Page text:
A breakthrough technology -- about the size of a grain of sugar and the cost of a piece of candy -- promises to revolutionize supply-chain management, letting companies track products from the early stages of manufacturing until they're plucked from store shelves, and every point in between. Radio-frequency identification tags incorporating tiny microchips are approaching a price point that could vault them from the realm of specialty applications into mainstream manufacturing, distribution, and retail environments. A Who's Who of consumer-goods companies and retailers, including Procter & Gamble, Target, Unilever, and Wal-Mart, are poised to use the devices.
When applied to pallets, cases, or even individual items, RFID tags can give suppliers, manufacturers, distributors, and retailers unprecedented control over inventory, shipping, and other logistics. The real-time data generated by the tags as products move along a route could help businesses make faster decisions, increasing efficiency and productivity in many areas, including how invoices and payments are handled. For instance, when a loaded pallet enters a retailer's warehouse, the RFID tag's signal could trigger an electronic payment to the shipper, rendering invoices obsolete, says Simon Ellis, supply-chain futurist at Unilever.
The concept has been around for decades, but its application has been held back in part by the expense of the tags, which ranges from just under $1 to $20. Now the potential cost has dropped to about a nickel, as sponsors of the commercially funded Auto-ID Center at Massachusetts Institute of Technology have figured out ways to produce cheap chips in quantity based on developing standards. "You need volume," says Kevin Ashton, executive director of the Auto-ID Center. "If you produce them in the billions, it'll cost as little as 5 cents." Ashton unveiled one of the first of the low-cost tags, just manufactured by Alien Technology Corp., last week at InformationWeek's Fall Conference in Tucson, Ariz.
With businesses lining up behind the effort, large-scale production may not be far off. Since the Auto-ID Center was founded three years ago, membership has grown to 67. In addition to the four companies mentioned above, sponsors include Coca-Cola, the Department of Defense, Kraft, Johnson & Johnson, and Pfizer. If Procter & Gamble fully embraced the concept, it alone could account for about 2 billion chips a year, according to a story to appear in the October issue of Optimize magazine, InformationWeek's sister publication.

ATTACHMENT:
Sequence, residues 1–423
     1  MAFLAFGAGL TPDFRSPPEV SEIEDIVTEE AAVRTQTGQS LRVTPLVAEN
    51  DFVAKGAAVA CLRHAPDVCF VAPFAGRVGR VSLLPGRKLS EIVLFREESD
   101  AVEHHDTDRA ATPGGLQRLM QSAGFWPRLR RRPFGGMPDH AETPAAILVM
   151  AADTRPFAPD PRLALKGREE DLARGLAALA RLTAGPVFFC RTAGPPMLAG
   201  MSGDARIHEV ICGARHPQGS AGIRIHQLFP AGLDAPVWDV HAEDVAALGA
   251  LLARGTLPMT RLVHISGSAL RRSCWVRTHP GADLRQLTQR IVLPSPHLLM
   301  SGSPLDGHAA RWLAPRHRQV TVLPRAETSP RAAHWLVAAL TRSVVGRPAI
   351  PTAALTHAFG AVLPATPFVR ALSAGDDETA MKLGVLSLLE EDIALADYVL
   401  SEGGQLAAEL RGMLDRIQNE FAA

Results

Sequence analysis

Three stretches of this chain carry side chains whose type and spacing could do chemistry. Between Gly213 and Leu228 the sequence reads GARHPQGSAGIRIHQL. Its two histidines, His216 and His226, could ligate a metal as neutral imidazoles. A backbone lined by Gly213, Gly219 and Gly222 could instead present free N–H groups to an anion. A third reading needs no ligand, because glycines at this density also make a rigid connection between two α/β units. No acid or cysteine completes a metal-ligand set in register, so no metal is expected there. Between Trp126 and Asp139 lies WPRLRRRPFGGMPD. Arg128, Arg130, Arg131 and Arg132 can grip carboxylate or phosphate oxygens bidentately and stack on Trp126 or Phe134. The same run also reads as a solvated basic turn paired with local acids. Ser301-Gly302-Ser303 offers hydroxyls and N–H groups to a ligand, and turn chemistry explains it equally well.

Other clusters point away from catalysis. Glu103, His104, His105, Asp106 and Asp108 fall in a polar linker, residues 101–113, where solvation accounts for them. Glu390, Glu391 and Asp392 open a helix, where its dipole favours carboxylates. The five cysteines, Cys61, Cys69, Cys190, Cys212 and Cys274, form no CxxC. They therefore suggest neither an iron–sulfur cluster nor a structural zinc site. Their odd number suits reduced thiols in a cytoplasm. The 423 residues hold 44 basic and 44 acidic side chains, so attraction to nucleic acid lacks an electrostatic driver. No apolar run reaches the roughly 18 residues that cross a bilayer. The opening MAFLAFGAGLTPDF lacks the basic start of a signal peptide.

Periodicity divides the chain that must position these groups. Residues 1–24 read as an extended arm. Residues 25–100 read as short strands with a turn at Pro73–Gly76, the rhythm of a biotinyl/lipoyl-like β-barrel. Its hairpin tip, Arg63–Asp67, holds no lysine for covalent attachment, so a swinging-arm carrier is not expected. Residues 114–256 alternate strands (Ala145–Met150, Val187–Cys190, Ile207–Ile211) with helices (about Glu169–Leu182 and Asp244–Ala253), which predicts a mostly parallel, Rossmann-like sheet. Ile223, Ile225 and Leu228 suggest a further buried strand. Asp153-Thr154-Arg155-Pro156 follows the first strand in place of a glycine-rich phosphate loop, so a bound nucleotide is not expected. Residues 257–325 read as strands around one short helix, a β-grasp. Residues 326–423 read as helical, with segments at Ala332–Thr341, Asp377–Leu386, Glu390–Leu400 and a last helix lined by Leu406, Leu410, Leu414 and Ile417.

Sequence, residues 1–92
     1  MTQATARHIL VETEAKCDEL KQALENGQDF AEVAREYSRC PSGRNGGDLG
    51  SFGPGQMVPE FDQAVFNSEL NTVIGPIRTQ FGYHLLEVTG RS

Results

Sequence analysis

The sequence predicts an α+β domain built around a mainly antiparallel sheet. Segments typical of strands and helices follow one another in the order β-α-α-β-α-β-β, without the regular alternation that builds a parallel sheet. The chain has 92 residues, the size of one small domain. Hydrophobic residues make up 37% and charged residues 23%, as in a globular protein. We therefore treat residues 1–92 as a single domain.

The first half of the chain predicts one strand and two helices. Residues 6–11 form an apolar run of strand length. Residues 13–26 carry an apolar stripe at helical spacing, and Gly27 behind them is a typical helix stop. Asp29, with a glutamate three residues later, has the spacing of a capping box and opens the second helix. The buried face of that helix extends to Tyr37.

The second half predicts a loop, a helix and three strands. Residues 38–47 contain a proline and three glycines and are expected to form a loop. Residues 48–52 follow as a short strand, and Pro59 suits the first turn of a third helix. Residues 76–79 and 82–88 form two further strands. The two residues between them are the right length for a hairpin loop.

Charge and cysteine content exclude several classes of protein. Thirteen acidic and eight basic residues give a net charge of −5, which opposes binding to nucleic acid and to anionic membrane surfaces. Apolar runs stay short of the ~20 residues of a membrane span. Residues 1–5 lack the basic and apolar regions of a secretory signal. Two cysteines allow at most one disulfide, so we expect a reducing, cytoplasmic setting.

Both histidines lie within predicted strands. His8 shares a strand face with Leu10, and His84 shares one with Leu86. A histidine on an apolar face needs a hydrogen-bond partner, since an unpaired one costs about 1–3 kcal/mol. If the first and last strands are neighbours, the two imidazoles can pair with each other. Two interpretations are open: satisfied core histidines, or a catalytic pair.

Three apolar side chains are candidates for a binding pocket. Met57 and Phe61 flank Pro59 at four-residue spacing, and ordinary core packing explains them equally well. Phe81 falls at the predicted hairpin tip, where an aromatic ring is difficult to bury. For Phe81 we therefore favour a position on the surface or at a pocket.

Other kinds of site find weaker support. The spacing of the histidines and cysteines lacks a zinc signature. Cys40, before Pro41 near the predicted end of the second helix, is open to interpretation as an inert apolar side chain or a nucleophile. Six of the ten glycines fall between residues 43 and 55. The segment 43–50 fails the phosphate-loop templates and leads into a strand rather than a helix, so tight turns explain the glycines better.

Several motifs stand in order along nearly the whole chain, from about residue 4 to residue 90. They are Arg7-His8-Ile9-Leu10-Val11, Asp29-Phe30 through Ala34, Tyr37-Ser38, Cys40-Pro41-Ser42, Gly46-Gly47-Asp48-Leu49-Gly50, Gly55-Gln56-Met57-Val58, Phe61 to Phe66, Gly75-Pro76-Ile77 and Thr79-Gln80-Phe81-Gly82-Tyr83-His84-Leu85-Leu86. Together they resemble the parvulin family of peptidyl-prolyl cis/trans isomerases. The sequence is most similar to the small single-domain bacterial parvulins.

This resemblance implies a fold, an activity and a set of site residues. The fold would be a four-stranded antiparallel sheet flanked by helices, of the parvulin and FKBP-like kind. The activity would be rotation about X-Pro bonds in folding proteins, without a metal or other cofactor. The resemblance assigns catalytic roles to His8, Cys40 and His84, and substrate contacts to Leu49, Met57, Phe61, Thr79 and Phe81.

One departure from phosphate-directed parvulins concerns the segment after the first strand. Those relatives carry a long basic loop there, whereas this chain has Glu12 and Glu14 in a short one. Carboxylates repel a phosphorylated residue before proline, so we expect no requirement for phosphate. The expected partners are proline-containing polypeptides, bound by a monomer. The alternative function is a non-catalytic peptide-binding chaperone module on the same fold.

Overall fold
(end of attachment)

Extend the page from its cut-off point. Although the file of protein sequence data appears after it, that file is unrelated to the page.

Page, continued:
Large retailers such as Wal-Mart will create a cascade of demand for RFID tags and the hardware and software needed to use them if those companies push business partners to adopt the technology for improved supply-chain coordination. "If they deploy RFID and show good results, it will really open up the market," Frost and Sullivan analyst Deepak Shetty says.
Depending on the outcome of an upcoming test, Home Depot Inc. says it could eventually put RFID tags on all of the 50,000 products it sells. If that happens, the home-improvement chain envisions asking manufacturers and distributors to join the initiative, says VP of IS Gary Cochran. The pilot program entails putting RFID tags on special-order goods in Boston-area stores so they can be located easily when a customer comes for them, Cochran says.
Unilever is conducting a three-phase trial of RFID technology, based on the Auto-ID Center's developing standard, that involves testing the tags on pallets, cases of goods, and eventually individual items. Unilever also participated in a trial with grocer Safeway Inc., completed a few months ago in England. "I could very easily see us investing in some pallet-level applications late next year or early in 2004," Ellis says.